Kim, K., Boelling, L., Haesler, S., Bailenson, J.N., Bruder, G. & Welch, G.F. (in press). Does a Digital Assistant Need a Body? The Influence of Visual Embodiment and Social Behavior on the Perception of Intelligent Virtual Agents in AR. Proceedings of the 17th IEEE International Symposium on Mixed and Augmented Reality (ISMAR 2018), Munich, Germany, October 16–20, 2018.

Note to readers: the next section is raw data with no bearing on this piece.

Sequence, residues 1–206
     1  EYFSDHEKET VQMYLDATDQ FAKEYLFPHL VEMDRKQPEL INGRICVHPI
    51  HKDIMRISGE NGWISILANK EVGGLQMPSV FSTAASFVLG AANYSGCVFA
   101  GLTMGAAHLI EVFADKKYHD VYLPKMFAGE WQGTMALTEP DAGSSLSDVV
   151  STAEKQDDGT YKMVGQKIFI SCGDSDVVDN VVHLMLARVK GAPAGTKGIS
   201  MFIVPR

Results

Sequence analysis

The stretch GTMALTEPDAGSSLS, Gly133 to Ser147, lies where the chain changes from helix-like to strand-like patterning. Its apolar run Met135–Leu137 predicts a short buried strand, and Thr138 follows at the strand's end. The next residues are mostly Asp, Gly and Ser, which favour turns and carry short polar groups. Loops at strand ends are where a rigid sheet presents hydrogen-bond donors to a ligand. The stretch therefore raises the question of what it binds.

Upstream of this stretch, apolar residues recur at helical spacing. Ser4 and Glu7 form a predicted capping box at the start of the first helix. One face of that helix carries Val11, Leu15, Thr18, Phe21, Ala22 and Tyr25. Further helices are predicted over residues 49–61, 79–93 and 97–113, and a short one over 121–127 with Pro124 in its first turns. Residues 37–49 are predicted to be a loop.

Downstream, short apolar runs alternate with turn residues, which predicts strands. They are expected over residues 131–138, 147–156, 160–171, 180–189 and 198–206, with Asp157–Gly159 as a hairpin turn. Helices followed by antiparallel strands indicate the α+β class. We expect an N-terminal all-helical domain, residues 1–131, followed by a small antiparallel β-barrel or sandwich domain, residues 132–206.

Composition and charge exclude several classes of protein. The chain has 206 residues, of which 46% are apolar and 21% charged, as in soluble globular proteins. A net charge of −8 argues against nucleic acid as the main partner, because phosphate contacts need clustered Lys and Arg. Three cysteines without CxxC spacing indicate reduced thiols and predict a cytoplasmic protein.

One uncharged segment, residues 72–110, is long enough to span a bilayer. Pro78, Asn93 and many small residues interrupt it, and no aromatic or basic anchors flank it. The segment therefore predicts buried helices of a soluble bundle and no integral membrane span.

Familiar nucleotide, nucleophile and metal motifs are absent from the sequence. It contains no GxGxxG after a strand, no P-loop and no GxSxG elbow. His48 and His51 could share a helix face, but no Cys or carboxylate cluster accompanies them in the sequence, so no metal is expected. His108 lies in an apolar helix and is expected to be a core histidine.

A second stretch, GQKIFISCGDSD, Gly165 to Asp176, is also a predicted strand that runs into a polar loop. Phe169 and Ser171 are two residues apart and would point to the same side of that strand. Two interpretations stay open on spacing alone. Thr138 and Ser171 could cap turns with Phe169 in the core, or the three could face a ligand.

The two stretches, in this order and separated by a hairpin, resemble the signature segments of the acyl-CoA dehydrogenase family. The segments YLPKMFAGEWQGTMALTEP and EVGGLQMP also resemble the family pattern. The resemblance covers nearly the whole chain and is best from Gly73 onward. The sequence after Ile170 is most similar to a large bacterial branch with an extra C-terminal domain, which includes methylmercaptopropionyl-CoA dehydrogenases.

Intelligent Virtual Agents (IVAs) are becoming part of our everyday life, thanks to artificial intelligence technology and Internet of Things devices. For example, users can control their connected home appliances through natural voice commands to the IVA. However, most current-state commercial IVAs, such as Amazon Alexa, mainly focus on voice commands and voice feedback, and lack the ability to provide non-verbal cues which are an important part of social interaction. Augmented Reality (AR) has the potential to overcome this challenge by providing a visual embodiment of the IVA. In this paper we investigate how visual embodiment and social behaviors influence the perception of the IVA. We hypothesize that a user’s confidence in an IVA’s ability to perform tasks is improved when imbuing the agent with a human body and social behaviors compared to the agent solely depending on voice feedback. In other words, an agent’s embodied gesture and locomotion behavior exhibiting awareness of the surrounding real world or exerting influence over the environment can improve the perceived social presence with and confidence in the agent. We present a human-subject study, in which we evaluated the hypothesis and compared different forms of IVAs with speech, gesturing, and locomotion behaviors in an interactive AR scenario. The results show support for the hypothesis with measures of confidence, trust, and social presence. We discuss implications for future developments in the field of IVAs.